May There Always Be a Dialog

Excerpts from a letter to a friend:

Our best minds have pondered the question of individual responsibility and group accountability for millennia.

The Buddhist approach is partly to remove one’s self, metaphorically or physically, from the artifice of the daily stress cycle to contemplate what is really important and what can be done to achieve it. Happiness or contentedness is part of that equation …

The socio-political approach is to categorize and classify everything and all the players into neat little artificial groups, and assign goals to each. This has the advantage of presupposing the experiment-designers have some knowledge of which values can properly give rise to those goals, and the safety of insulating us from having to account for the pesky, unpredictable individual. As I once wrote in an essay I called “Black Elk Speaks” (yes, concerning Niehardt’s book):

“The thought occurs that it would be a bad thing to try to needlessly integrate the vision of Black Elk with my own, or into our present circumstances in the United States. There is a certain value and dignity in keeping these things separate from each other in understanding, for they are different experiences and have their meaning in different worlds. The Western rush to explain everything in terms of other things which are also not truly grasped leaves a vacuum, the filling of which is only approximated by art.”

Tribalism and elitism seem to go hand in hand with each other, and with the racial, ethnic, economic and other minority divides you observe. We have done a better job of breaking down elitism, in an average decade, than most other countries did over their centuries. We all just have a long way to go.

The answer will never come from one individual like you or me, nor even from some great future prophet. Humanity needs to evolve, and our particular “in” with evolution is education, as it has been for 100,000 years, and I don’t just mean science and math, either. 🙂 That will make us or break us, particularly the 🙂 part. It is not the sound of just the one right butterfly, it is the sound of them all taking off by the hundreds of thousands into the wind.

If you remember the TV commercial about cowboys driving huge herds of cats, ponder for a moment how one herds a cloud of butterflies, and you’ll have our answer.

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Khan Academy

Education as entertainment? I think so – I think this might be the next Wikipedia. Each segment is explained much in the manner you’d explain it yourself to, say, your own kids or younger relatives. I hope you’ll check out and bookmark Khan Academy.
Alex Forbes

Sal Khan of Khan Academy was a guest on the Charlie Rose Show today. I found Sal to be an articulate and captivating speaker with a contagious enthusiasm for whatever he’s talking about. Listening to Sal talk about what turns him on is like stepping out of a dodge-em car and into a Tesla. What does Sal like to talk about? Everything.

Khan quit his day job as manager of a hedge fund to create free online course content for students, teachers, professionals and those of us just interested or curious about a topic. He offers over 2100 short bite-sized videos on topics as diverse as finance, astrophysics, math and biology.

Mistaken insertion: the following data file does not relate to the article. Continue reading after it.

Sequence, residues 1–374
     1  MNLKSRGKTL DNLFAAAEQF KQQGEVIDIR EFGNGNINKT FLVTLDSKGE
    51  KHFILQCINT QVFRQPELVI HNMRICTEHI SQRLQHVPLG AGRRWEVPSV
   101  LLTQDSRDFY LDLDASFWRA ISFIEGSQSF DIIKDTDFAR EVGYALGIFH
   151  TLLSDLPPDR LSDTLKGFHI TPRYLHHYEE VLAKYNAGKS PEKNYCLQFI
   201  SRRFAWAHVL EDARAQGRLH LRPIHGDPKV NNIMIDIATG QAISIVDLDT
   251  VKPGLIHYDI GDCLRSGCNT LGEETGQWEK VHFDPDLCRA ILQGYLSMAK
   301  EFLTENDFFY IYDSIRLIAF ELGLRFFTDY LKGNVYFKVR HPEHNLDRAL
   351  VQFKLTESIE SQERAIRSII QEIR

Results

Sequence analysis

If you sign up and log in, you can actually take the coursework and save your work. Courses are staged in linear progression so, in Algebra for example, you “get” graphing of lines first, before learning the dependent concept of the slope of a line.

Each segment is a video “chalkboard” of about 10 minutes duration. There are about 45 segments to Cosmology and Astronomy, or about 150 segments and examples for Calculus. It’s an actual “course” for those who step through the entire progression of segments.

With no particular itinerary in mind, I thought I already knew Arithmetic, so I watched the videos for Lattice Multiplication and Least Common Multiple, learning something in both cases.

Since I majored in business and finance back in the previous century, I then monitored Banking 17: the gold standard – “what happened to the gold?” I learned that even when we were on the gold standard, we were on a fractional reserve system: only a fraction of US bank notes were ever actually backed by hard gold.

Being an astronomy buff, I monitored Radius of Observable Universe, Supermassive Black Holes and How we know about the Earth’s core. I understood that run-of-the-mill, garden-variety black holes result from core collapse of stars in the 30-solar-mass range, but I didn’t realize “supermassive” black holes, such as the one lurking right in the heart of our own Milky Way, may have been “primordial” – formed by an entirely different process shortly after the Big Bang.

Course content is staged logically and progressively so that you “get” each concept before moving on to the more advanced concepts that depend on them. This works for me, since I seem to be fundamentally incapable of learning a topic until I grasp its constituent and underlying concepts. Khan never talks down to his audience and never assumes “you should know this.”

Education as entertainment? I think so – I think this might be the next Wikipedia. Each segment is explained much in the manner you’d explain it yourself to, say, your own kids or younger relatives. I hope you’ll check out and bookmark Khan Academy.

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